Stellar is an open-source protocol that allows users to exchange money or tokens using the Stellar Consensus Protocol. The Stellar architecture supports a distributed ledger network that connects banks, payment systems, and individuals. The goal is to facilitate low-cost and cross-asset transfers of value.
Stellar's open-source payment technology possesses a few similarities with Ripple, a real-time gross settlement currency used for remittance and payments. Jed McCaleb, the co-founder of Ripple, and Joyce Kim are the founders of the Stellar network. At first, both Ripple and Stellar shared the same protocol. However, when Stellar created the Stellar Consensus Protocol (SCP), it resulted in foundational differences between the two platforms. The SCP made Stellar an open-source system, while Ripple remained a closed system.
Stellar has a native asset called Lumen (XLM), which powers the Stellar network and its operations. This article will provide you with a deep dive into Stellar architecture and how it works.
Stellar is a decentralized network distributed among interconnected nodes (servers) in the Stellar network. Using the Stellar Core, anyone can set up a verification node (server). Stellar Core acts as a backbone to the Stellar network. It is responsible for carrying out verifications using the Stellar Consensus Protocol (SCP). The Stellar Consensus Protocol serves as the algorithm to verify transactions on the Stellar network.
Unlike the Bitcoin network, where miners verify transactions, the trusted nodes known as verification nodes run the Stellar Core and verify transactions. Therefore, the Stellar network consists of a series of Stellar Cores that work together to verify transactions and ensure everything is up-to-date.
Before we go further to explore the Stellar architecture, let's do a quick run-through of Stellar's features.
The Stellar smart contract is an open-source network for storing and moving money, whereas the Ethereum smart contract is an open-source network for decentralized applications. Ethereum is more decentralized and slower, while Stellar is less decentralized but faster.
Nodes that help in the smooth functioning of the Blockchain and the ledger's publishing make the Stellar network. Before we go any deeper, let's do a brief overview. Let's say that Shinzo wants to send money to Nakamura. Shinzo lives in the United States, and Nakamura lives in Japan. Consider that Shinzo needs to convert from USD to Yen for Nakamura to receive and spend the money in Japan. The rigorous process resonates with a question- how will this transaction work?
Assuming Shinzo belongs to Bank "A" based in the US and Bob belongs to Bank "B" based in Japan. Both banks are connected to the Stellar network. Once Shinzo sends the $100 through his bank connected to the Stellar network, the transaction intent is sent to Bank B (on the same Stellar network) within seconds to ascertain if Nakamura is compliant or not.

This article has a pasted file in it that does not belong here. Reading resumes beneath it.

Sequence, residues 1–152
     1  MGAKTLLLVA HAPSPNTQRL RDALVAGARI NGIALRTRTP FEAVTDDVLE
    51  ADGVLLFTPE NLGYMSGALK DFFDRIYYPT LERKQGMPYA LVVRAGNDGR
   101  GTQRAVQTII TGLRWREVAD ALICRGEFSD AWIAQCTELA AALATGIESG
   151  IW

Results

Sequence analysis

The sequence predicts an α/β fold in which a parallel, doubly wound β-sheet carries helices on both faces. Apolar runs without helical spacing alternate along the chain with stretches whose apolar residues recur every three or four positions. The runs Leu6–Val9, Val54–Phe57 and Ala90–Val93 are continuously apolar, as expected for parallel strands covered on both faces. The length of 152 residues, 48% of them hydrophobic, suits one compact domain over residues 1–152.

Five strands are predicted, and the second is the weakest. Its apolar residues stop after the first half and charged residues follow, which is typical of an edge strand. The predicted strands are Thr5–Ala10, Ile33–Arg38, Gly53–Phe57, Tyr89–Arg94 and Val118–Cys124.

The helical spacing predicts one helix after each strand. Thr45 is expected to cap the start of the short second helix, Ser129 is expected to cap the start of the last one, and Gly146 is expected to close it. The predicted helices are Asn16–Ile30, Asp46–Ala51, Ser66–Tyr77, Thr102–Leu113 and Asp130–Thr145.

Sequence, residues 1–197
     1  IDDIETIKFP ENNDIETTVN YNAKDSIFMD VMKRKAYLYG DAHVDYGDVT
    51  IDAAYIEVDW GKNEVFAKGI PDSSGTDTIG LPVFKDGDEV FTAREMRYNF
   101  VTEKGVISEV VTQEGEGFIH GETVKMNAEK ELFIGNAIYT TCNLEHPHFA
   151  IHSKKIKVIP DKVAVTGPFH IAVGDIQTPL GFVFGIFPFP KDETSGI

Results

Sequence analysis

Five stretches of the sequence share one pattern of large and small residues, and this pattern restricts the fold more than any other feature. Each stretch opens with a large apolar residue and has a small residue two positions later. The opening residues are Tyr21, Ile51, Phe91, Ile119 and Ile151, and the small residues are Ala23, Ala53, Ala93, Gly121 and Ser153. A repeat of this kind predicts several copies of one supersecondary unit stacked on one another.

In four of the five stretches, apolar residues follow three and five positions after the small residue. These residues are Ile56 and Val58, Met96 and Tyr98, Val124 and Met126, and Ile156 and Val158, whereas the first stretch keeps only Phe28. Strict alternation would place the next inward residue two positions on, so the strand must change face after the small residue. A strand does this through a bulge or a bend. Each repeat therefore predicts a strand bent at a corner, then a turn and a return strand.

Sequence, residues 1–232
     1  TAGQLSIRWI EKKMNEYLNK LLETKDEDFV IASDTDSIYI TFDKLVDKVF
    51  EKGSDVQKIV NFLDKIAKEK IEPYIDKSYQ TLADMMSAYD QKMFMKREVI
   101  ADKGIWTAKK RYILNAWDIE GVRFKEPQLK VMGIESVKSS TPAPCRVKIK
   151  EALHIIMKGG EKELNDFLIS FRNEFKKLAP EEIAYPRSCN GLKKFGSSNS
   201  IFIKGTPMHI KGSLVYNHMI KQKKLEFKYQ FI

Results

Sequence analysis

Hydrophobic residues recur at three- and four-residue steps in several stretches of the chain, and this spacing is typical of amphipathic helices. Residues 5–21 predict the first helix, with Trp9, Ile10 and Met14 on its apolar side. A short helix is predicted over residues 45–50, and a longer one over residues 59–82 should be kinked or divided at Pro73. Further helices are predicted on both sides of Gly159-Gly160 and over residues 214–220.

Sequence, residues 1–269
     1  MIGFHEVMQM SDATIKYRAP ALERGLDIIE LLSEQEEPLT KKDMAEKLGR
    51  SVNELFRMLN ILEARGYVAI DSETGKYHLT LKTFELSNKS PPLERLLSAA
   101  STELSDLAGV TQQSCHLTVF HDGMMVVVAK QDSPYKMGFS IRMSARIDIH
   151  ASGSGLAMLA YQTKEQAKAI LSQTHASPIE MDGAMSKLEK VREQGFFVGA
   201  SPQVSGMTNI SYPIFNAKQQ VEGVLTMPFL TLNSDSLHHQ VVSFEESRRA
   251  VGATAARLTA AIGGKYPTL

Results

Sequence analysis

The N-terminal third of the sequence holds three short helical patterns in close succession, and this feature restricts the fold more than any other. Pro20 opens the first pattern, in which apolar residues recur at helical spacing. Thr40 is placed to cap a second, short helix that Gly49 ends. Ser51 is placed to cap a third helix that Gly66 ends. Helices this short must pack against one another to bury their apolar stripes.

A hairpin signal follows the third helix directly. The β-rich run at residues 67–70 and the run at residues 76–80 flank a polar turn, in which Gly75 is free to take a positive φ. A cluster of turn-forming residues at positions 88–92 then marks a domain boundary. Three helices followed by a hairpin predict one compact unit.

Immediately Bank "A" gets the green light from Bank "B," they deduct the funds from Shinzu's personal account. The USD will be moved to Bank "B" pool account and then moved into the Stellar network in the form of credits (Lumens), the native token of Stellar. Once inside, the network searches for the best exchange rate to use in order to convert the Lumens into Yen. The money will then be moved to Bank B's base account, credited to Nakamura's account.
This is the general overview of how the Stellar network works. Now, let's go deeper into the architecture of Stellar. Different components make up the Stellar network. These components come together to ensure the network is up and running. These components include the following.
The Stellar system is decentralized and peer-to-peer. Therefore, there is no centralized entity that makes all the decisions in the system.
The Stellar architecture incorporates an open ledger system. The Blockchain that acts as a transparent and open ledger system stores the transactions. All users on the network can look at the ledger and see all the transaction details.
Every decision carried out on the Stellar network is done through consensus. The process of reaching consensus on the Stellar network happens every 3-5 seconds.
In the Stellar architecture, Anchors hold deposits and issue credits when they are required. They act as a bridge between different currencies and the Stellar network. The Stellar network is heavily dependent on Anchors. The work of the Anchors includes:
This is arguably one of the biggest features of the Stellar architecture. It means Shinzo can send his USD to Nakamura in the form of Yen. The beauty of Stellar is this seamless decentral forex. Transactions happen in many ways, but we will focus on the USD/EUR exchange for the sake of convenience.
The Stellar network looks in the USD/EUR exchange to know if someone wants to purchase EUR for USD. If there is someone available, the transaction takes place instantaneously.
The Stellar also searches for people looking to get USD in exchange for Lumens. They can connect the person to someone searching for Lumens in exchange for Euros and then ensure the transaction pulls through.
However, if none of the conversions are available, the network can go through a conversion chain. Examples of such conversions include BTC/XLM, XLM/EUR, etc.
Stellar is designed to solve the following problems:
The Stellar architecture has made Stellar useful and valuable as a global exchange network. The Stellar network has the capacity to host thousands of exchanges between currencies and tokens. Although exchanging between crypto and fiat or vice versa can be expensive, Stellar makes it swift and cheap.
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